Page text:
Human Growth Hormone
HGH, which is a Protein Hormone, is naturally synthesized and released by the Somatotroph cells in the brain pituitary. This growth hormone is responsible for various physiological processes such as: growth and metabolism of the human body. It doesn’t have a direct effect on the bones and muscles rather the its circulation in the blood following its secretion by the brain pituitary, stimulates the secretion of a protein called IGF-1 from the liver. The IGF-1 protein is responsible for the growth stimulation of the muscles, bones and other tissues in the body.
The growth hormone levels decline in the body with age; and so, the levels are highest in children. The levels of growth hormone produced in adults are much lower than those produced in adolescents and children. HGH can also be regarded as a drug used in both humans and animals. In sport, growth hormones have been known to be used by athletes albeit illegally so as to help them build speed, strength and quickly recover after heavy training or injury. It is important to note that there are risks associated with the use of the HGH from a health perspective.
Growth Hormone prohibition in sport
Growth Hormone is grouped as an anabolic agent on the World Anti-doping agency (WADA) prohibited list. It is constantly prohibited at all times and for all levels of athletes. An approved Therapeutic Use Exemption (TUE) is usually needed in sport by an athlete to use the growth hormone that has been prescribed by the doctor.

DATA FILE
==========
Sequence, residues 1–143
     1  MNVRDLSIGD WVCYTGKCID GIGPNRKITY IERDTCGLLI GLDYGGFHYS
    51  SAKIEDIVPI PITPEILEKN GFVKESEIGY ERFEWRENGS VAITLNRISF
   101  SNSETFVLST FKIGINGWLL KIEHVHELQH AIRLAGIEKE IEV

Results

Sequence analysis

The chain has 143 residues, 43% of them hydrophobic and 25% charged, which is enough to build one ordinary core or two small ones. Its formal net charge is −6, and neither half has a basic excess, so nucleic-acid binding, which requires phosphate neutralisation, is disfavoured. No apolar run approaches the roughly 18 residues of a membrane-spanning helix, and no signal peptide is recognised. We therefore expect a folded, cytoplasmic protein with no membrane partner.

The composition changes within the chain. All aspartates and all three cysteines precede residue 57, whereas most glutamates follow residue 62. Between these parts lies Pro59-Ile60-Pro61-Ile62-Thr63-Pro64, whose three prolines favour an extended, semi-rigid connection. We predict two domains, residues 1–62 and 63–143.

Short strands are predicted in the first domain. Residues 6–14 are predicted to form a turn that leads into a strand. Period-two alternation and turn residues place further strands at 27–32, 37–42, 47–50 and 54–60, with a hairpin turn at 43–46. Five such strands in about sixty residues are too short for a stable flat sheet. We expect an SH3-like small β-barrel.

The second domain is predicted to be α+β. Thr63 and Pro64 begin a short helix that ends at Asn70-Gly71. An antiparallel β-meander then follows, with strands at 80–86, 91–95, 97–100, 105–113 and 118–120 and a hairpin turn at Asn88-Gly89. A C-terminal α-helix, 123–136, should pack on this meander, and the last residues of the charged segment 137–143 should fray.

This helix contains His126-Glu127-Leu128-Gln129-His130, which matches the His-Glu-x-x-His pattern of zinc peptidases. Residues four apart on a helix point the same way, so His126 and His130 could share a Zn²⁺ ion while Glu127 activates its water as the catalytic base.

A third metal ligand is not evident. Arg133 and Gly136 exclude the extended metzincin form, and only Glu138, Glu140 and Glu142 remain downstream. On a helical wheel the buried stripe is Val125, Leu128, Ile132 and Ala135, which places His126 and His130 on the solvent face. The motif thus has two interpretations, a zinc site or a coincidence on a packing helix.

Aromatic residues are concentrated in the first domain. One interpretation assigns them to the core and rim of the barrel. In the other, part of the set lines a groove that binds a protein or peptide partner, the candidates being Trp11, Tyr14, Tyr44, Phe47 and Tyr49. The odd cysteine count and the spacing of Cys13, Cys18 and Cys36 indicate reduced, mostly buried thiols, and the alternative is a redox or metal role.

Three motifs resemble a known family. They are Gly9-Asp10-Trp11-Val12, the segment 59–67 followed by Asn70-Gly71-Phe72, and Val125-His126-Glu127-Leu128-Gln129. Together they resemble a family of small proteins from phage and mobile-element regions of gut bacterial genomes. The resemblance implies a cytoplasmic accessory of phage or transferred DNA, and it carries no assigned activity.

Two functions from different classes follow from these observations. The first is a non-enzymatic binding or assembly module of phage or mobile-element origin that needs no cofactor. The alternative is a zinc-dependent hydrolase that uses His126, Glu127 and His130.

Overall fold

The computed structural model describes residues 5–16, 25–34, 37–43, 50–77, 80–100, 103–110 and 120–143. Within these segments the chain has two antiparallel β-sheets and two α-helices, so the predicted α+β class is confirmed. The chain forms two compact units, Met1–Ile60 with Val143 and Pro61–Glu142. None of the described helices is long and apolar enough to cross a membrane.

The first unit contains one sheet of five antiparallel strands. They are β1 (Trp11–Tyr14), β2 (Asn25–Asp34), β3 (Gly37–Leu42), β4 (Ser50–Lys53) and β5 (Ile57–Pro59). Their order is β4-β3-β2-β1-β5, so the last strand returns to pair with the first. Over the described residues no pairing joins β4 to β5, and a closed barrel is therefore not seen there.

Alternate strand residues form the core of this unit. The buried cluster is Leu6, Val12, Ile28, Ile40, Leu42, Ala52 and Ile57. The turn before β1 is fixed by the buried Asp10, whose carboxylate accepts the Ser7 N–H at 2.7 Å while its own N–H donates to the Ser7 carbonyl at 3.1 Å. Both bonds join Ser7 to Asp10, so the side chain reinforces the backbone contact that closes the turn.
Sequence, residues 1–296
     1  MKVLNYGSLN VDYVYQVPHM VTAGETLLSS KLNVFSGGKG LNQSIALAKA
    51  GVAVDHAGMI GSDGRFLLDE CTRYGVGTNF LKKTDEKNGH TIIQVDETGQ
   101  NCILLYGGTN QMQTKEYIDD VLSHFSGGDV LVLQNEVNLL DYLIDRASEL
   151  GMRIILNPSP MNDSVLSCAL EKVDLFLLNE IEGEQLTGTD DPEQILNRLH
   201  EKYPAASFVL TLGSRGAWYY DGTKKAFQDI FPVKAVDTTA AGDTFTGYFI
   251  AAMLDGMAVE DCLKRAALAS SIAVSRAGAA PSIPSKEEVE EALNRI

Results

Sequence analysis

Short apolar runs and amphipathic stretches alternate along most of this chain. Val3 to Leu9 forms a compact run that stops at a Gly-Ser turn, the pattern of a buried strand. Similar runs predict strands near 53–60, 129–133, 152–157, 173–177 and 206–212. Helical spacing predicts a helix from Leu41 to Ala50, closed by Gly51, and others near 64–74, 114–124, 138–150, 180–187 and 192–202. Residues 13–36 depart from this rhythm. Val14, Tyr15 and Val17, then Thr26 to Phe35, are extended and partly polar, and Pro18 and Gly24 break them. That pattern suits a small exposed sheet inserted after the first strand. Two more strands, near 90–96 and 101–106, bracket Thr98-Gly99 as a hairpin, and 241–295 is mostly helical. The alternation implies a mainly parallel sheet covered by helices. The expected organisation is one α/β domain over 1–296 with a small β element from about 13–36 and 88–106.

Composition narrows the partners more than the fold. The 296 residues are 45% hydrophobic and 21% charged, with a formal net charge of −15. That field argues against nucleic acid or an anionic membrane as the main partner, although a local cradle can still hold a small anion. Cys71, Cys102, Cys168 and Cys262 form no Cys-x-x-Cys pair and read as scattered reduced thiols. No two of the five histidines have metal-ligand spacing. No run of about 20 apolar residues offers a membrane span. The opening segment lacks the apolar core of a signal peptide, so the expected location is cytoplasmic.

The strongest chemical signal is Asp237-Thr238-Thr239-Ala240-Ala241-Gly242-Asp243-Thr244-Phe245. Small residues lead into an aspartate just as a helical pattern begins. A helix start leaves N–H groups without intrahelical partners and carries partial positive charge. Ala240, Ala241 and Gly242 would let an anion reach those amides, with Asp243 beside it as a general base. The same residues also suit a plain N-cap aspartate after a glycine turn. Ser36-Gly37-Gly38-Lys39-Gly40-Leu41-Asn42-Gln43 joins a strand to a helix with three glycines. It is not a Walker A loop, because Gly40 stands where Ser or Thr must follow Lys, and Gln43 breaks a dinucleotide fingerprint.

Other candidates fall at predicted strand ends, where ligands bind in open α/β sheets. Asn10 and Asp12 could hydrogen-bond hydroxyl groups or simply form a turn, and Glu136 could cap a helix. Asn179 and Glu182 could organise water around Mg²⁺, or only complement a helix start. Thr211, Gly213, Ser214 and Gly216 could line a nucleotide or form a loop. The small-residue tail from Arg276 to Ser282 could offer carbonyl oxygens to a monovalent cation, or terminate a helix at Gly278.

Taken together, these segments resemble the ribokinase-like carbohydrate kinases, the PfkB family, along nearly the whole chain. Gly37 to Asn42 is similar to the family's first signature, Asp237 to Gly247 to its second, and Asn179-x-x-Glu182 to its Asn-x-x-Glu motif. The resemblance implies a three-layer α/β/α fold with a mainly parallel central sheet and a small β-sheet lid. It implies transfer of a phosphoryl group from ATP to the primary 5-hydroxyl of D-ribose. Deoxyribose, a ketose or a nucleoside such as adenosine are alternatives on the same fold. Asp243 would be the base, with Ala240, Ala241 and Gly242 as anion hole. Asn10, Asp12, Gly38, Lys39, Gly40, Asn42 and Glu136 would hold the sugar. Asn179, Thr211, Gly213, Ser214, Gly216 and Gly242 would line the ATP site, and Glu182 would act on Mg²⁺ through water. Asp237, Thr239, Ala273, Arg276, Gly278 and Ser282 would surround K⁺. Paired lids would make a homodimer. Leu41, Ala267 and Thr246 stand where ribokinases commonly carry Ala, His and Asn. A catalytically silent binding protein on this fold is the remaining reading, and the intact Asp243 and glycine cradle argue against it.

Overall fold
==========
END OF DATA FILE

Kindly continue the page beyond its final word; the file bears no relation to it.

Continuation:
Growth Hormone prescriptions to athletes
Growth hormone is usually legally prescribed by a doctor for quite a number of reasons. Doctors prescribe HGH injections to children as a result of the following: Growth hormone deficiency, Prader-Willi syndrome, Turner syndrome, idiopathic short stature, and to treat growth failure in children that are naturally born small but don’t catch up with their peers. While the drug is prescribed to adults for the following reasons: Growth hormone deficiency as a result of pituitary disease, and Radiation therapy. The prescribed use of the growth hormone is often times knotty because it is difficult to determine the specific time to proffer the drug and those that it will benefit. For the previously listed HGH benefits many athletes are still risking using it illegally regardless of the penalties they may incur if caught.
Athletes should avoid dietary HGH supplements such as Genfx, Provacyl and Genf20 Plus that claim to stimulate the release of the growth hormone or contain the growth hormone. The medical use of any dietary supplement is at the athletes’ own peril or jeopardy.
Health risks associated with using the growth hormones
The health risks or side effects that are associated with the use of the growth hormone are as follows: Hypothyroidism, Pancreatitis, Irritation at the injection site, High blood pressure in the brain, Impairment of the retina and vision in diabetic patients, Damage to the growth plates in the femur in pediatric patients, Faster progression of scoliosis in people who have this condition, and Protruded arms and legs. The medical use of the growth hormone has been known to have a long-term effect on the human body: the reduced modulation of the growth hormone pathway, and the ceasing of the growth hormone secretion by the body.